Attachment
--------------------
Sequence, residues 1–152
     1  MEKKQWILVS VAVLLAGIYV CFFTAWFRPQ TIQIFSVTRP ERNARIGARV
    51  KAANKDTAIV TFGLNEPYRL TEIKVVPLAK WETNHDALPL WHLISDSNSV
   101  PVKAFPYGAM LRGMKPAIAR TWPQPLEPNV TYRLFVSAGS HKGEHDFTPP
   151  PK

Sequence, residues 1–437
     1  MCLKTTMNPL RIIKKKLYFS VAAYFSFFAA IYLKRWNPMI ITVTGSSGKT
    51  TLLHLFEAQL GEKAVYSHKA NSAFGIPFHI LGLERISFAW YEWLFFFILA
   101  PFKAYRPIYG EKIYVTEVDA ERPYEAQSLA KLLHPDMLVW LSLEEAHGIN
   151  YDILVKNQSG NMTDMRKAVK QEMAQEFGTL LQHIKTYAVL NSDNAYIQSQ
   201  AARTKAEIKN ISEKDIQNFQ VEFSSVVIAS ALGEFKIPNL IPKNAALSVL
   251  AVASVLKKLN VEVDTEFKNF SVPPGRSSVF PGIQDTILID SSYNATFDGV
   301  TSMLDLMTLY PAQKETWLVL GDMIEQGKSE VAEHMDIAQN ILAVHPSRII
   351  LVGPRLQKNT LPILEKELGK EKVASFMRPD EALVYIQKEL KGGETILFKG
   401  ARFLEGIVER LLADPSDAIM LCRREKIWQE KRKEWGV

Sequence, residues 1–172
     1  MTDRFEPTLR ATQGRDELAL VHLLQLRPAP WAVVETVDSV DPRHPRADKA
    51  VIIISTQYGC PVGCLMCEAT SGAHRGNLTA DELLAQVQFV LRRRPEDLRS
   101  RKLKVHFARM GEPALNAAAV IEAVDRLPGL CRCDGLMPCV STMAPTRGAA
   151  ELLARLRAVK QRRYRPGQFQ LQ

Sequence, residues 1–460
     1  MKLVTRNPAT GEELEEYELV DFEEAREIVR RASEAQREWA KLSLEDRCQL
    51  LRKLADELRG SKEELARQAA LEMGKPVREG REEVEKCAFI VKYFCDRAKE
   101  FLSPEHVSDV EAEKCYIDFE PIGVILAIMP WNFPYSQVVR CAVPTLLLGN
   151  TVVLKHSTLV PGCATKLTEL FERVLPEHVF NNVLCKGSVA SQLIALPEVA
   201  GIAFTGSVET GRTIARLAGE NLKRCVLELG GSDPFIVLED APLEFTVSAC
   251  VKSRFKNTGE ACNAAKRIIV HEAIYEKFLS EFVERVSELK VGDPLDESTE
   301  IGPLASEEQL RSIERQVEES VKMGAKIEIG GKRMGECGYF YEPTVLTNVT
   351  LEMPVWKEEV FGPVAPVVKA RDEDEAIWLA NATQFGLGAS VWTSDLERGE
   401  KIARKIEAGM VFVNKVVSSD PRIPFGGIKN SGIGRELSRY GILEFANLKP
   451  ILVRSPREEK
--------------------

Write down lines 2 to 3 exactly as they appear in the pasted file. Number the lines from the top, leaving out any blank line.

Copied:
     1  MEKKQWILVS VAVLLAGIYV CFFTAWFRPQ TIQIFSVTRP ERNARIGARV
    51  KAANKDTAIV TFGLNEPYRL TEIKVVPLAK WETNHDALPL WHLISDSNSV